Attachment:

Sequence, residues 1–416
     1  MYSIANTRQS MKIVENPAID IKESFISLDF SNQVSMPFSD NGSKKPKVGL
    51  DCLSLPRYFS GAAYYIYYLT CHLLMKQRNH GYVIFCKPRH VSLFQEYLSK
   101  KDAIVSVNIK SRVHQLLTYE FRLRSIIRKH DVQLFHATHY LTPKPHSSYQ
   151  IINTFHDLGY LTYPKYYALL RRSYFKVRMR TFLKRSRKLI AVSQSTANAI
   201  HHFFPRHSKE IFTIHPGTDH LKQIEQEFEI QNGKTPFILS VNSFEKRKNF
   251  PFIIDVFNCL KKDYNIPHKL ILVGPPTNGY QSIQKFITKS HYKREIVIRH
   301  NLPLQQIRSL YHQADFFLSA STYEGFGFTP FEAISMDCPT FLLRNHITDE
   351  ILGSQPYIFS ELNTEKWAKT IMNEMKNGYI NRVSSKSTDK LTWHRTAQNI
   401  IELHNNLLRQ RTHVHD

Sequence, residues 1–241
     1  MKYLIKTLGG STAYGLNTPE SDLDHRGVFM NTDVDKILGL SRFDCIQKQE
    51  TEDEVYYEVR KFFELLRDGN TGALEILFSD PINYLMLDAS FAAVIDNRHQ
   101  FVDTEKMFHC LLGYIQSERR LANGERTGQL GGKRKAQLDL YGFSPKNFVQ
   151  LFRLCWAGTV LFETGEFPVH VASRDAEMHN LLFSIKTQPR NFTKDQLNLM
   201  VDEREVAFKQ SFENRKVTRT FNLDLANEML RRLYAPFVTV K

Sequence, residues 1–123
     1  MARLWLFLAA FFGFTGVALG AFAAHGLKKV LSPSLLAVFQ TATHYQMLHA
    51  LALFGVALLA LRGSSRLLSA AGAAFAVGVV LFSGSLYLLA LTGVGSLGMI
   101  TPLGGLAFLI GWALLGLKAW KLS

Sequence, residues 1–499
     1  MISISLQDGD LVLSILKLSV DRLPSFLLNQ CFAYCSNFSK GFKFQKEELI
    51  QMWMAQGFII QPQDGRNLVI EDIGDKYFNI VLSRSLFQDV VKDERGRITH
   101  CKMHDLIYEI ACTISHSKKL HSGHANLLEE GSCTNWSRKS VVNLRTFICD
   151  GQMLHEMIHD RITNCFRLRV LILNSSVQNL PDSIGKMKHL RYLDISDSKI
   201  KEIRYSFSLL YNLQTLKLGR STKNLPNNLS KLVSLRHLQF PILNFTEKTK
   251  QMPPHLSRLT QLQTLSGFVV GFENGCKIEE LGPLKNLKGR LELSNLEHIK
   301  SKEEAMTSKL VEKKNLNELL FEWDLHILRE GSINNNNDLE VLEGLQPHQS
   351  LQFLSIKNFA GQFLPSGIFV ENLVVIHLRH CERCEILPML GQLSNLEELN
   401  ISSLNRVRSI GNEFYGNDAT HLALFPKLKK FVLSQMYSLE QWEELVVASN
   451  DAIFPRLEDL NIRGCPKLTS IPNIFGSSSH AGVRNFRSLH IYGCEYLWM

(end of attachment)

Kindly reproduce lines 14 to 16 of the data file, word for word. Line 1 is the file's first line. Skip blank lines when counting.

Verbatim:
   101  FVDTEKMFHC LLGYIQSERR LANGERTGQL GGKRKAQLDL YGFSPKNFVQ
   151  LFRLCWAGTV LFETGEFPVH VASRDAEMHN LLFSIKTQPR NFTKDQLNLM
   201  VDEREVAFKQ SFENRKVTRT FNLDLANEML RRLYAPFVTV K